Some random sculptures you can see inside the park

But that was just in the entrance part, as we go deeper into the colorful park, everything became a head turner. The park has different parts showcasing different activities and themes relating to sex. I sighed a little bit because for me, the name LOVELAND is an understatement, I guess it’s just a subtle way of calling it PORNLAND because believe me or not, it’s a porn park.

Greek Mythology goes erotic

I think what I like most is the part where it depicts different sexual culture. It shows the different types of lovemaking from different countries like Japan, Greece, etc. It’s not as visual as other sculptures in the park but I like it because it shows that sex is not just all about the carnal pleasure of human but it also involves feeling and romance. It also shows how lovemaking differs from each country and how the culture, beliefs and traditions played a vital role in this sacred activity.

Some of the many sculptures at LOVELAND
The whole area is quite big, so people can literally just walk in the park while enjoying (or not) the sculptures all over the area. There’s a part where it shows ahjussis having sex with young ladies in different positions and different manner. There’s also a part where ahjummas are slaving and forcing young skinny men to satisfy their sexual desires and I don’t like it, just imagine the horror of being forced by fat ahjummas to make love with them. Ugh.

One of the ugly sculptures in the park

Unfortunately, during the half part of our tour at Loveland, the rain poured, good thing they also have indoor museum inside the park. We went to check what’s inside the museum, there were collections of videos about sex education, different dioramas of sex activities at home, sculptures of different sizes and shapes of penis and whatnot. There are also sex toys and some things on sale to enhance sexual activity with your partner.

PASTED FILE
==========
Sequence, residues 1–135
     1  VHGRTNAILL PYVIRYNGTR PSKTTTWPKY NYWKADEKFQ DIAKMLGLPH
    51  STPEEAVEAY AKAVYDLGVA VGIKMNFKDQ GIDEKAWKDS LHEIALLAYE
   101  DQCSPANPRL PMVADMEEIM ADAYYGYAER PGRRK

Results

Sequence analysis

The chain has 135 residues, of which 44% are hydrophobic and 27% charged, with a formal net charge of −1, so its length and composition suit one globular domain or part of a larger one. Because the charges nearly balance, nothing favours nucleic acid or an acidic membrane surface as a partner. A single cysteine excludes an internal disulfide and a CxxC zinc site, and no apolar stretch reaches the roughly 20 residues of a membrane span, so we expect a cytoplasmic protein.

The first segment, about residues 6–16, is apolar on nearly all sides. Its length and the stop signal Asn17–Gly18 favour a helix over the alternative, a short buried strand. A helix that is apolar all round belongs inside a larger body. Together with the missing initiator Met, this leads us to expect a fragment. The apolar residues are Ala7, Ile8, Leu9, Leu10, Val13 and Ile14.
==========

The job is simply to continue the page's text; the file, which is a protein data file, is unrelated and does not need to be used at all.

Sculpture of naked ladies at the roof of an indoor museum
I don’t want to discredit Loveland though because of this. Although for me, the visuals are too much, the purpose is clear, to introduce sex to the visitors. Did I learn something from it? Maybe YES. Although I was more on “Ugh” than “Aahhhh”, I can’t deny that I learned something from the tour. It was interesting and way more than I expected. The rain killed the excitement though. Just when my interest started to arouse, it pours so hard that we had to withdraw ourselves out of the park before we get too wet. It was a quickie visit but all in all, I was satisfied with what I saw. Despite the rain, we reached the climax of the tour. When you’re in Jeju Island, go visit Loveland Museum and I will assure you, your hands will get busy afterwards (clicking camera buttons for photos).

Saturday, September 24, 2016

5 Prominent Things That Remind Me About Jeju Island

The Natural Pool of Jeju Island

So finally, ladies and gentlemen, I can scratch off Jeju Island on my bucket list now. At first I thought there’s no way I could go to Jeju seeing that working culture in Korea is quite a time demanding activity, but thanks to our 5 days Chuseok holiday, it made my trip to Jeju possible. I personally would like to thank WINK TRAVELS for organizing everything, from itinerary, to accommodation and transportation. I shared my Jeju trip with 89 other awesome people, most of them are from the English Speaking countries like the US, South Africa, Canada and Australia and most of them are here in Korea to teach English.

The Wink travelers in front of a temple near Seonimgyo bridge

The Jeju trip was I think one of the most interesting trips I made in South Korea because I was with interesting people and at interesting place. It was such a refreshing journey for me because Jeju Island is so unique. I’ve been to several places in South Korea, but nothing compares with Jeju Island. I don’t want to play an expert on this because it was my first and only visit to Jeju Island, so I would just like to bring this on a personal level based on what I saw and what I experienced. If you’ll ask me what to visit and what to do in Jeju island, I could not answer that, but what I can share though is about the things in Jeju that made a mark on me. What are the things that make Jeju Island unique? Here’s my personal list.

1. The Hallasan (한라산)

Behind us is the view of the tallest mountain in Korea called Hallasan. This is from the perspective of Seonimgyo bridge